What Does Your Oral Health Say About Your Overall Health?

What Does Your Oral Health Say About Your Overall Health?

Did you know that what we see in your mouth can be an indicator of your overall health?

Sometimes we take our oral health for granted. But keeping a healthy mouth means that you are contributing to your overall health and scientists continue to find new connections between oral health and general health every year. Your mouth can show signs of nutritional deficiencies. Many oral lesions occur because of nutritional deficiencies or tooth problems. The good news is that, today, we are able to prevent almost all oral disease from occurring it should be the expectation that Americans will keep all or most of their original teeth throughout their entire life!

Unfortunately, even with all our awareness about good oral health care, millions of Americans still fail to see the dentist on a regular basis. Dental caries, or cavities, remains one of the most chronic diseases of childhood. There are a few simple steps that we suggest our community take to help prevent dental and oral health problems.

Practice Good Oral Health Habits

Be sure you and your children are brushing your teeth at least twice a day. Flossing is equally important as there is zero chance your toothbrush will get in between your teeth with tight contacts. Try to get in at least one flossing per day, preferably at night before you sleep and your salivary flow decreases.

Rinsing with an antimicrobial mouthwash is a great way to keep bacteria that normally live in your mouth in check. We follow the recommendations of the American Dental Association and encourage the use of fluoride to protect and restore enamel and make teeth more cavity resistant.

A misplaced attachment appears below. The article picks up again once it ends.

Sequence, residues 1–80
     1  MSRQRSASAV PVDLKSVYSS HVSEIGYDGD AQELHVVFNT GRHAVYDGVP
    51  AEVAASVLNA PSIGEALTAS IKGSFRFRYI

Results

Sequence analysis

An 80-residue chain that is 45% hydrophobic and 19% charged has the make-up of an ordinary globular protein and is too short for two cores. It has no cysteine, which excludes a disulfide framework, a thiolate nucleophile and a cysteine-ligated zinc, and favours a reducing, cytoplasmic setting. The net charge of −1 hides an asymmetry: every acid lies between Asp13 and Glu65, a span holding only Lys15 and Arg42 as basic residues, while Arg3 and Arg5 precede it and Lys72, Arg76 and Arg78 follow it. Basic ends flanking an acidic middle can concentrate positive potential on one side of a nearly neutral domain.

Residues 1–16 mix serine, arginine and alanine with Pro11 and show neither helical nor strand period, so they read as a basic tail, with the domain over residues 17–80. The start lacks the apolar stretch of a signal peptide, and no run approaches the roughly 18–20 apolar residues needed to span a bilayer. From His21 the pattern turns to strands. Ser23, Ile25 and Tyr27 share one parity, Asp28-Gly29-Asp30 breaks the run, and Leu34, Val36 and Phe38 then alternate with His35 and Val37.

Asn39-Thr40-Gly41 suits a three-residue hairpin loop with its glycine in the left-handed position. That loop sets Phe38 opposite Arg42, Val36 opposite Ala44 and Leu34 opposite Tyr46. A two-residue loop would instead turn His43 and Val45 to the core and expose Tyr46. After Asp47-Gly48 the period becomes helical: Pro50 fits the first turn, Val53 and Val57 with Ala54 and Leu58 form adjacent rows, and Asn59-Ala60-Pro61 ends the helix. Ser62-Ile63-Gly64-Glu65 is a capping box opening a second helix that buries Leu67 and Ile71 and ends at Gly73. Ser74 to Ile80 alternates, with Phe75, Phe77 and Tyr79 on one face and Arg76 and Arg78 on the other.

Finally, let your dentist be the judge. Don’t fall behind on your twice a year dental check ups because small cavities become big cavities and undetected gum irritation can become periodontal bone loss in a surprisingly short amount of time. Be sure you and all your family members see your dentist at least every six months. Your dentist can get hard to reach plaque and calculus that your toothbrush cannot get. In addition, your dentist may be able to identify other problems that may be happening with your overall health as they complete your oral examination.

If you have any questions about the health of your teeth, gums, or oral tissues and how that relates to your general health, please ask us!

About Pediatric Dentistry and Orthodontic Specialists of Michigan, the offices of Drs. Delaney, Plunkett, Ralstrom, Makowski, Thanasas, Ker, and Associates

Pediatric Dentistry and Orthodontic Specialists of Michigan have specialized in pediatric dentistry and orthodontics since 1968. Our family-friendly and newly renovated office gives patients and families a more comfortable and consistent experience with dentistry from the very beginning. Our pediatric dentists treat children from newborn to 18 years of age while our orthodontists provide care for both children and adults and are proud to be Premier Providers of Invisalign and Invisalign Teen services. The ability to treat all patients with compassion and individuality, including those that may have special needs reaches beyond our facility, which has treatment rooms available for children who require additional privacy and customized care options.  We pioneered valued hospital affiliations to allow dental services to be performed at DMC Children’s Hospital and St. John Macomb Hospital, when appropriate or necessary, and our specialists are also proud to be on staff at Henry Ford and Beaumont hospitals.

Pediatric Dentistry and Orthodontic Specialists of Michigan
39400 Garfield Rd., Suite 200
Clinton Township, MI
48038
US
Phone: 586-286-0700
Fax: 586-286-5932

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